Hanley belts majestic 468-foot homer

Hanley belts majestic 468-foot homer

BOSTON -- Hanley Ramirez's two-run homer to left-center in the Red Sox's 13-5 drubbing of the A's on Tuesday night soared majestically until it was knocked down by a light stanchion above the Green Monster.

"I will never in my life hit a ball that far," marveled teammate Mookie Betts. "One or two people could do that type of thing. [Giancarlo] Stanton is about the only one that I know could maybe hit a ball farther."

Betts was correct, at least through the first month-plus of the 2016 season.

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The moonshot was projected by Statcast™ to land 468 feet away from home plate, making it the second longest in the Major Leagues this season, trailing only Stanton's 475-foot tape-measure homer on May 6 in Miami against the Phillies.

"Oh yeah? He got lucky. I'm going to beat that," joked Ramirez about his former teammate with the Marlins from 2010-12.

Ramirez unloaded on a 94-mph fastball from A's lefty starter Sean Manaea.

"Take cover the way that one came in," NESN broadcaster Dave O'Brien told viewers.

"I want to see the exit speed on that one," color commentator Jerry Remy added.

The exit velocity was 114 mph.

By the time Ramirez got back to the dugout, his teammates were still shaking their heads in awe.

Left-hander Eduardo Rodriguez playfully looked at Ramirez's biceps.

It was just another sign that things are going well for the Red Sox, who are 20-13 and have won eight of their last 11 games.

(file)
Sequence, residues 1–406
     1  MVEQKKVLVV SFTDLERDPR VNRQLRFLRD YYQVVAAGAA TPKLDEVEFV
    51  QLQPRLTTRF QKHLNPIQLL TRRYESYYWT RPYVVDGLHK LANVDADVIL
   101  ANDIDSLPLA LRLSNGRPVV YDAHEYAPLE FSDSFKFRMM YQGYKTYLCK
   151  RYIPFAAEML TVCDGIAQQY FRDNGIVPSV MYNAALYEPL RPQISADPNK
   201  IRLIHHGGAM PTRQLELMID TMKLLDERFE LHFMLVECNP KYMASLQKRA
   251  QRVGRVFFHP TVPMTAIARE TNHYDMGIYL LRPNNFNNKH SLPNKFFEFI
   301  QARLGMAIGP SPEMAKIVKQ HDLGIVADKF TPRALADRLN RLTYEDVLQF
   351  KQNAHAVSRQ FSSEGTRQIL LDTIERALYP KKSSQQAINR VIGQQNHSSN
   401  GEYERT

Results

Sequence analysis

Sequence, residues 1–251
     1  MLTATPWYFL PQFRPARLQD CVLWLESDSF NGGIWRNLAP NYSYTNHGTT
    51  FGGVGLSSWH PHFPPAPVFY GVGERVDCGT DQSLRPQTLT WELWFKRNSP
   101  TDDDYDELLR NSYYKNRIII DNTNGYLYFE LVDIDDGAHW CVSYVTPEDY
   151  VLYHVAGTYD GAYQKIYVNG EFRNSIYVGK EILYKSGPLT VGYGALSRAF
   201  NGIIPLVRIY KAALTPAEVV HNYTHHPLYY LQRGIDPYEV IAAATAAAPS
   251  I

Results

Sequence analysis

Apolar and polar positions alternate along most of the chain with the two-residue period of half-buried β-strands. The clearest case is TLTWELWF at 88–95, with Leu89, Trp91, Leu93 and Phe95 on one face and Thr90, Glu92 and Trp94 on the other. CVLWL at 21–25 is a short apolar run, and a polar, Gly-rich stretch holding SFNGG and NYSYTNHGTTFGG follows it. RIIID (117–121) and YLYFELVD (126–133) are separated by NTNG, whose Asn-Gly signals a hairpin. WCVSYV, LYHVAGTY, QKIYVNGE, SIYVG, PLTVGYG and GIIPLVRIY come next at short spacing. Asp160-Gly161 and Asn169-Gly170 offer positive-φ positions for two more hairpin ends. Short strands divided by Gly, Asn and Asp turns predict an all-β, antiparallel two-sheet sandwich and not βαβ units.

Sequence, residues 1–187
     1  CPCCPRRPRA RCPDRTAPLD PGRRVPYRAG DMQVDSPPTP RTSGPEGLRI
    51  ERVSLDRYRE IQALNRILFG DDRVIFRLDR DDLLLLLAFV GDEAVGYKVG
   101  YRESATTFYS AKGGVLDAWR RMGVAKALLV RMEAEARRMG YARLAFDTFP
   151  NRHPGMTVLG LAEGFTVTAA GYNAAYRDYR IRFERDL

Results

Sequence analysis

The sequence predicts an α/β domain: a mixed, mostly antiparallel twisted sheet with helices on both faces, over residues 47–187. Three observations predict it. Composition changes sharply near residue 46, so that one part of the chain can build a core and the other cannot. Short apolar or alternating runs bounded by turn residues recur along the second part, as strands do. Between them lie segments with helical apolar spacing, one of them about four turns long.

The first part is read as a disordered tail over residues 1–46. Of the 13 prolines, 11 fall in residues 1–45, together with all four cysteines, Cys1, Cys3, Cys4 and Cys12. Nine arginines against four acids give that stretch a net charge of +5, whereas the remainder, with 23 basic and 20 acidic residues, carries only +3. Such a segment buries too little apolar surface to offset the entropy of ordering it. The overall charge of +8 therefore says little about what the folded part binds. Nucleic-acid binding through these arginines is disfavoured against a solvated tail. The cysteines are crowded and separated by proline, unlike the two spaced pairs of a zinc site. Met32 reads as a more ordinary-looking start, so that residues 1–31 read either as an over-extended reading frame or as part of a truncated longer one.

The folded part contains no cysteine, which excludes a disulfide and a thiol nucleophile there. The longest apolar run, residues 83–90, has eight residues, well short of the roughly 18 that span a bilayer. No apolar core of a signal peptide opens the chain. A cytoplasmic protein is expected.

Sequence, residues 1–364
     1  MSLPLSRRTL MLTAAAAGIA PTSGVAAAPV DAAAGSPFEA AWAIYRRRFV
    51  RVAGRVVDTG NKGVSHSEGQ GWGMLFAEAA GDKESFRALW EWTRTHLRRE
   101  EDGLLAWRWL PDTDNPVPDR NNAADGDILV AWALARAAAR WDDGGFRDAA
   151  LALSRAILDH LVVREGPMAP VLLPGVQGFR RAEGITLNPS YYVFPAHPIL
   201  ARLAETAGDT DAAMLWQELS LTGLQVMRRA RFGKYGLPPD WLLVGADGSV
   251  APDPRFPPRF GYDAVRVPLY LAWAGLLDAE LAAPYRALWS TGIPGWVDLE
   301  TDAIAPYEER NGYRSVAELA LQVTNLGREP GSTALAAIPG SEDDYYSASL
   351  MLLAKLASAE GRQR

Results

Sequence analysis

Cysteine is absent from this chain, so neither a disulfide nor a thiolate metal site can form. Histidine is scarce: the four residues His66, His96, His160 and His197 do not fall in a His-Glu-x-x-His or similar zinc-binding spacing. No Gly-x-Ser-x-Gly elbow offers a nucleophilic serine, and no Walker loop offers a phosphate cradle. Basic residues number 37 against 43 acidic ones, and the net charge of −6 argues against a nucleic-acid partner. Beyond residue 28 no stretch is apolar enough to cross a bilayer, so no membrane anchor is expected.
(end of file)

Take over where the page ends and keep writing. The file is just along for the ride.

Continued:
"We've been doing it all year. We've been playing loose baseball and playing hard and we're pulling for each other," said Ramirez.

It was Ramirez's fourth homer of the season, and third in the last week. Ramirez's first three long balls of the season were all hit to right field.

But Ramirez turned on this one and got all of it.

"When he gets pitches on a certain part of the plate, he's got the ability to hit the ball to all fields," said Red Sox manager John Farrell. "But what's been most encouraging over the last 10 days or so is he's taking his walks, the on-base is climbing, so is the average and the hard contact. He's seeing the ball and is in a good spot."

The homer was one of three hits on the night for Ramirez, as he raised his average to .301, the highest it has been since April 18.

"He's been pretty hot all year," said Travis Shaw. "He's hitting over .300. Another bat in the middle of the order, another guy who can take it out of the ballpark at any single time, and on any single pitch."

Ian Browne has covered the Red Sox for MLB.com since 2002. Follow him on Twitter @IanMBrowne and Facebook. This story was not subject to the approval of Major League Baseball or its clubs.